Big Bad Wolf founder sees ‘reading culture’ in PH | Inquirer Lifestyle

Big Bad Wolf founder sees ‘reading culture’ in PH

DAVAO CITY—The Malaysian founder of the world’s biggest traveling book sale has found a “reading culture” among Filipinos that he said he has not seen in his country.

All that needs to be done, said Andrew Yap, founder of Big Bad Wolf (BBW) is put books in the hands of Filipinos.

Yap, who is also BBW managing director, said the appetite for reading by Filipinos impressed him more than the hunger for reading he saw among Indonesians, which he said was driven mainly by Indonesians’ desire to learn English.

Yap said if books could be made affordable and accessible to as many Filipinos as possible, there’s no telling how much the Philippines could grow.

“Everywhere we go, Filipinos are avid readers,” said Yap. He said it was something “we haven’t seen in developing countries.”

“The Filipinos have this—huge readership,” he said.

“It would make it easier for the country to grow if you could put books in people’s hands,” Yap said. “The nation will change very quickly,” he added as book lovers swarmed Azuela Cove’s Enderun Tent here for the second BBW event in the city that runs from Nov. 22 to Dec. 2.

He said Malaysia, where he came from, had been a more developed country but it had no readership like the Philippines’.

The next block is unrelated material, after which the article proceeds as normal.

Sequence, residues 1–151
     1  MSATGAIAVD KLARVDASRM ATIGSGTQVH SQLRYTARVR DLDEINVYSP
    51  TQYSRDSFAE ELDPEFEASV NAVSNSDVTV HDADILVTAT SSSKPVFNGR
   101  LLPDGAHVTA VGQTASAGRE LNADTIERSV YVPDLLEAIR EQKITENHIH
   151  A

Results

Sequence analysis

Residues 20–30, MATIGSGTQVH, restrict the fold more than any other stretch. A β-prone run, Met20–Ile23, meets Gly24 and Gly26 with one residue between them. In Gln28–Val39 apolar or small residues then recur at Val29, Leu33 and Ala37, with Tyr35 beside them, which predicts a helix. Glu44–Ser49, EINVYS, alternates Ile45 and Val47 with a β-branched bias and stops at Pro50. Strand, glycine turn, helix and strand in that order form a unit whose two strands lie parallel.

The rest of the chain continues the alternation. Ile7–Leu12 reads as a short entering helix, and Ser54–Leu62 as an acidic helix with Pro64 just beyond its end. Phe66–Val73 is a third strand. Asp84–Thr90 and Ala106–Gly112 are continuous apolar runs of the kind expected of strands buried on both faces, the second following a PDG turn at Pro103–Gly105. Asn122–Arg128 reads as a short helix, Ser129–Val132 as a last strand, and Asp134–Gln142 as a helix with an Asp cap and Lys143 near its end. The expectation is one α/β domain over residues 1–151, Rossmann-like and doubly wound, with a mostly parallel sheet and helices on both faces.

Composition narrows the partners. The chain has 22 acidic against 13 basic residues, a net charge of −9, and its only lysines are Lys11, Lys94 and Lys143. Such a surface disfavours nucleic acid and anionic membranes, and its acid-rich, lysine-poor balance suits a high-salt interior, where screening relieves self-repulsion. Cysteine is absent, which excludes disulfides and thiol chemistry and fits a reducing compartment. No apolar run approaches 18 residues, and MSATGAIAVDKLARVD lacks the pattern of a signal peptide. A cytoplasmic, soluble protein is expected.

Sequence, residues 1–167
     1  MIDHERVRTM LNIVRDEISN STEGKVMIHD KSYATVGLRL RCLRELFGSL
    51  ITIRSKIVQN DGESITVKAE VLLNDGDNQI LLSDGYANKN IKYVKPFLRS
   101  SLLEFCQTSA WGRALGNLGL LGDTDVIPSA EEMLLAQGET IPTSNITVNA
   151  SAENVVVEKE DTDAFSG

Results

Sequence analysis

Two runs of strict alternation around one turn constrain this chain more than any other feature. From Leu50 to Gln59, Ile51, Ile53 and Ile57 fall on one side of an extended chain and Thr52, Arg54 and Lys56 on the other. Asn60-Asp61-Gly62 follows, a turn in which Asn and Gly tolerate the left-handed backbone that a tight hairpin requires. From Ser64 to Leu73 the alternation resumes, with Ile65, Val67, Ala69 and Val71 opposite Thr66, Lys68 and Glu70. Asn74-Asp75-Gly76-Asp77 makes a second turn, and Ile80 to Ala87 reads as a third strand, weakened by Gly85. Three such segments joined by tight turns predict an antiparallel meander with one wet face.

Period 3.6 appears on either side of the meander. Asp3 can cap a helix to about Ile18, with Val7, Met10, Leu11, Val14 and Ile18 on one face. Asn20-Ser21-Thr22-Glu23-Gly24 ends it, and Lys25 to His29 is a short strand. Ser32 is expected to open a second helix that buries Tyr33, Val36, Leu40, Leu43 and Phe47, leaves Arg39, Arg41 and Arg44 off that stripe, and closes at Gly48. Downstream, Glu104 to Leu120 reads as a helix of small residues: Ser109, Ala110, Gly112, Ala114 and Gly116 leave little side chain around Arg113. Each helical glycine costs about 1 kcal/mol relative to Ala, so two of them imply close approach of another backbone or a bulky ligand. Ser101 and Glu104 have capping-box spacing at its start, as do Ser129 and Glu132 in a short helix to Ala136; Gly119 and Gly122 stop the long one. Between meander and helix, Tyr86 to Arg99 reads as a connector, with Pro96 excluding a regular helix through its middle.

“I came from Malaysia, which is more developed but we don’t have a reading culture,” said the BBW founder.

“But here, when you have a reading culture, all you need is to make books accessible and affordable,” he added.

He said, though, that Indonesia remained to be BBW’ biggest market simply because of the bigger population and the hunger to learn English.

“You see, right now, English has never been more so important to the world as it is today,” said Yap.

“It is the international language, the language of business so if we don’t have English you’ll (be left behind),” he said.

“Indonesians know this,” he added.

He said children’s books are enjoying good sales in Indonesia but in the Philippines, the market is more mature.

Works of fiction, he said, are enjoying brisk sales among Filipinos but “basically, every genre is doing very well here.”

“The market is like a First World country market,” Yap said. “It has a very mature readership,” he said.

Book lovers swarm the Big Bad Wolf, dubbed to be the world’s biggest traveling book sale, at Azuela Cove’s The Tent in Davao City which runs from November 22 to December 2 this year. CONTRIBUTED PHOTOS

Yap said BBW had been swamped by requests to bring the book event to other Philippine cities, like Cagayan de Oro and Bacolod.

Aside from Manila, Cebu and Davao, BBW had already gone to cities in the provinces of Pampanga and Iloilo.

The book sale event here had been done simultaneously with a BBW event in Taiwan, Yap said. Germelina Lacorte